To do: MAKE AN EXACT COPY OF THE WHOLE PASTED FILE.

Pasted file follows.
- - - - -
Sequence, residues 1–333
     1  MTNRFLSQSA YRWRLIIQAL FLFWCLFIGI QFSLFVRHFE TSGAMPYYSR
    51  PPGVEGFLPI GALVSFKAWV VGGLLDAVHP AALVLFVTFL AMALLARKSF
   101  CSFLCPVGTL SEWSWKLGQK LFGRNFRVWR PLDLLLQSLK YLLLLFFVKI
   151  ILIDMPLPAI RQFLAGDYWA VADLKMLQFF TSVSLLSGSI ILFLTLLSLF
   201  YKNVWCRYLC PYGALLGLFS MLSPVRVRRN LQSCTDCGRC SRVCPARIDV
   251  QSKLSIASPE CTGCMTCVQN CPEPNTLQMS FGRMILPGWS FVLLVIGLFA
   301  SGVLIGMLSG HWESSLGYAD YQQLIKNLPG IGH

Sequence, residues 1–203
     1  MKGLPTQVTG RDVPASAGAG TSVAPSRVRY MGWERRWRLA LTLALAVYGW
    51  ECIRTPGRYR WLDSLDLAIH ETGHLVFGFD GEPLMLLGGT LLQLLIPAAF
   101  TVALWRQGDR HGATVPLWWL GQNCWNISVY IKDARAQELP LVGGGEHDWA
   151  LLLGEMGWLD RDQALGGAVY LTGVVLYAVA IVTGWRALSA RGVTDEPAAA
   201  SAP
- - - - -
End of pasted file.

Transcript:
Sequence, residues 1–333
     1  MTNRFLSQSA YRWRLIIQAL FLFWCLFIGI QFSLFVRHFE TSGAMPYYSR
    51  PPGVEGFLPI GALVSFKAWV VGGLLDAVHP AALVLFVTFL AMALLARKSF
   101  CSFLCPVGTL SEWSWKLGQK LFGRNFRVWR PLDLLLQSLK YLLLLFFVKI
   151  ILIDMPLPAI RQFLAGDYWA VADLKMLQFF TSVSLLSGSI ILFLTLLSLF
   201  YKNVWCRYLC PYGALLGLFS MLSPVRVRRN LQSCTDCGRC SRVCPARIDV
   251  QSKLSIASPE CTGCMTCVQN CPEPNTLQMS FGRMILPGWS FVLLVIGLFA
   301  SGVLIGMLSG HWESSLGYAD YQQLIKNLPG IGH

Sequence, residues 1–203
     1  MKGLPTQVTG RDVPASAGAG TSVAPSRVRY MGWERRWRLA LTLALAVYGW
    51  ECIRTPGRYR WLDSLDLAIH ETGHLVFGFD GEPLMLLGGT LLQLLIPAAF
   101  TVALWRQGDR HGATVPLWWL GQNCWNISVY IKDARAQELP LVGGGEHDWA
   151  LLLGEMGWLD RDQALGGAVY LTGVVLYAVA IVTGWRALSA RGVTDEPAAA
   201  SAP